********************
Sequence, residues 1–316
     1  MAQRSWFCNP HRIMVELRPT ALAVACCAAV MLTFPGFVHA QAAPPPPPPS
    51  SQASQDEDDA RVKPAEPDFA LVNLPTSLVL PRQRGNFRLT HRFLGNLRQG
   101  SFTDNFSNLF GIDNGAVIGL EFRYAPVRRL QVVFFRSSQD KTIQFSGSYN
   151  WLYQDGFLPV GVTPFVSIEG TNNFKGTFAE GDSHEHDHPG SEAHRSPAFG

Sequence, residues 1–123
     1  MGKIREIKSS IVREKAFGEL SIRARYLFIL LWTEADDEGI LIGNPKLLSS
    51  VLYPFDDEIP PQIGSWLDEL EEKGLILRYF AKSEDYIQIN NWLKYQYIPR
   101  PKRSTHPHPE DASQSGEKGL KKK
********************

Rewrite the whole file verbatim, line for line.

Sequence, residues 1–316
     1  MAQRSWFCNP HRIMVELRPT ALAVACCAAV MLTFPGFVHA QAAPPPPPPS
    51  SQASQDEDDA RVKPAEPDFA LVNLPTSLVL PRQRGNFRLT HRFLGNLRQG
   101  SFTDNFSNLF GIDNGAVIGL EFRYAPVRRL QVVFFRSSQD KTIQFSGSYN
   151  WLYQDGFLPV GVTPFVSIEG TNNFKGTFAE GDSHEHDHPG SEAHRSPAFG

Sequence, residues 1–123
     1  MGKIREIKSS IVREKAFGEL SIRARYLFIL LWTEADDEGI LIGNPKLLSS
    51  VLYPFDDEIP PQIGSWLDEL EEKGLILRYF AKSEDYIQIN NWLKYQYIPR
   101  PKRSTHPHPE DASQSGEKGL KKK